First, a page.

–Review, Audit and Verification; Tools and support offered by certifying organizations
–Regular re-qualification audits
–Relevancy of standards to your industry and/or business size
–Visibility and brand recognition opportunities
When choosing a certifying agent, verify the company and its claims: When was the program created? Who founded the organization? What is its experience? What is the basis for the organization’s principles and the experience of its principals? Is the organization based on national or international standards such as ANSI, GRI or ISO, or affiliated with other established programs such as ENERGY STAR or EPA Watersense? Inquire into the certification program’s actual standards, processes, and costs. Ask to see what is measured and recommended.
Anyone can say, “change your light bulbs,” but what does that accomplish and how can it be measured in terms of saving energy, reducing waste, improving social good and saving money?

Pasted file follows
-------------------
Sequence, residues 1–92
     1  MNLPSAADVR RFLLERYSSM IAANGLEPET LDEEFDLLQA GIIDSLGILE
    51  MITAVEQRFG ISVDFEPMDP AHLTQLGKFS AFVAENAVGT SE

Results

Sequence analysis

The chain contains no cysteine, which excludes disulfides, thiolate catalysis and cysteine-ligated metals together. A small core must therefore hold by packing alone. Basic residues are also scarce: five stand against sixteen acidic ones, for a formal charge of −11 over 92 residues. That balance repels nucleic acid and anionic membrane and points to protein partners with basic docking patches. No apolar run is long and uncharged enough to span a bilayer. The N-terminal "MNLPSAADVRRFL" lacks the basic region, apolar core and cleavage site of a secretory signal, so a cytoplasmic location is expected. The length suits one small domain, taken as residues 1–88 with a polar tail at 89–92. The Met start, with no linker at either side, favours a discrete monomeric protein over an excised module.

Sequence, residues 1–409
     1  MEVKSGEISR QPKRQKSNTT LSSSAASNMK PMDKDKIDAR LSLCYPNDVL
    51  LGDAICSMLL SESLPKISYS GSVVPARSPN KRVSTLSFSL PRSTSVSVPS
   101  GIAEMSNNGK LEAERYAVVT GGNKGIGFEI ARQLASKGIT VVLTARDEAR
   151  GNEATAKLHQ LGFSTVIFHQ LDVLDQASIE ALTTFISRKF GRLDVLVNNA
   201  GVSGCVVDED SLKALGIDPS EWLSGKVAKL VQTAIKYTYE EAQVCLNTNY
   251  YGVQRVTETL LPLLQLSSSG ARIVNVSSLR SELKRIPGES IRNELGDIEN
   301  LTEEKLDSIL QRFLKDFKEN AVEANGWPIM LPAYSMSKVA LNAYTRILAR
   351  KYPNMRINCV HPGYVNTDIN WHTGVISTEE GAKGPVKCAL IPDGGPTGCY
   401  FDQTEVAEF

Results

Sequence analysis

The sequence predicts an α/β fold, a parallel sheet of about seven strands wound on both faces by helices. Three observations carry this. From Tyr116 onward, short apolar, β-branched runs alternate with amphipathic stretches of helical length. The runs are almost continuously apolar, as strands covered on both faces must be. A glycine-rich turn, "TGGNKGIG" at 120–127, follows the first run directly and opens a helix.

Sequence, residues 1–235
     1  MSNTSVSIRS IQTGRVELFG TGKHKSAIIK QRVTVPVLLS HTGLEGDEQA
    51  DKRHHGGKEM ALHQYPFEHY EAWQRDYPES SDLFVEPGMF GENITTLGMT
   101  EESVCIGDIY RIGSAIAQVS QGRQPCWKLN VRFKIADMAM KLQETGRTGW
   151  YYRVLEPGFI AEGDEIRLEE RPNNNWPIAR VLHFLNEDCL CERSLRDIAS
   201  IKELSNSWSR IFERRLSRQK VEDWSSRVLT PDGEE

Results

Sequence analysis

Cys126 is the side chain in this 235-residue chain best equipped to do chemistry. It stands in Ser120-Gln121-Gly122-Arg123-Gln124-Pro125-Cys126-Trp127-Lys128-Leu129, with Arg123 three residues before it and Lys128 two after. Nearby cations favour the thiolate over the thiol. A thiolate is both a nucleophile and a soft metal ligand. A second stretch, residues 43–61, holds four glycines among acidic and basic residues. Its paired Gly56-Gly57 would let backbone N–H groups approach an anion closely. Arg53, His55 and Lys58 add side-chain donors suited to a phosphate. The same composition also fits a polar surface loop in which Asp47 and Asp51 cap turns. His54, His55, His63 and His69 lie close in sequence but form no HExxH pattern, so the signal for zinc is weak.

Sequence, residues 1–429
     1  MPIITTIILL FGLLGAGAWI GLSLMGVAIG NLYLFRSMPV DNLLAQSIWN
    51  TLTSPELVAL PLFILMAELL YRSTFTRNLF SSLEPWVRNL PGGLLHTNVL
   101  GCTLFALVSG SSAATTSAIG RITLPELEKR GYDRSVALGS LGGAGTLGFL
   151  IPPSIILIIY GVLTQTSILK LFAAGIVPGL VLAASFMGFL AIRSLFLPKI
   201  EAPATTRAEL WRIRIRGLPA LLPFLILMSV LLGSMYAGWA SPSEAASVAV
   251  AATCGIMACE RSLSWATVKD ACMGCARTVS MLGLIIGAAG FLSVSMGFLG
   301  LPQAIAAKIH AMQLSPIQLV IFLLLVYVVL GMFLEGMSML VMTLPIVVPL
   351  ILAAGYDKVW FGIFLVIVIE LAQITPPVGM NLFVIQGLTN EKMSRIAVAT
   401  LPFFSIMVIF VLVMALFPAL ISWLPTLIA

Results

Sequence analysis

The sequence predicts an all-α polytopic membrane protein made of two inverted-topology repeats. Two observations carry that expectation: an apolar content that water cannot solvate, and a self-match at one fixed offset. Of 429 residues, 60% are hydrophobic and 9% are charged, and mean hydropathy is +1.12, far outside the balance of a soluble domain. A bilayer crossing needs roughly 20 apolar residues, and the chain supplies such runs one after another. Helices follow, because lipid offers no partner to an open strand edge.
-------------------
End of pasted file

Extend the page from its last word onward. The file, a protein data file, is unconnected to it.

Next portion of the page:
The standards themselves are at the heart of any certification program. If the performance indicators are vague, open to interpretation, or without any measurable impact or improvement, they are meaningless.
For instance, “Adjust thermostat outside of normal business hours” is vague. Specific, appropriate temperatures and proper temperatures for different space usage (office vs. IT center vs. retail) should be stated, not left to the imagination of the reader. The guideline, “Turn off computers over weekends or extended periods out of the office” actually specifies how much and when (weekends and extended periods).
Standards based on government standards or well-regarded independent agencies tend to carry the most legitimacy and credibility. For example, the EPA offers one such program called SmartWay, an innovative brand that represents environmentally cleaner, more fuel-efficient transportation options.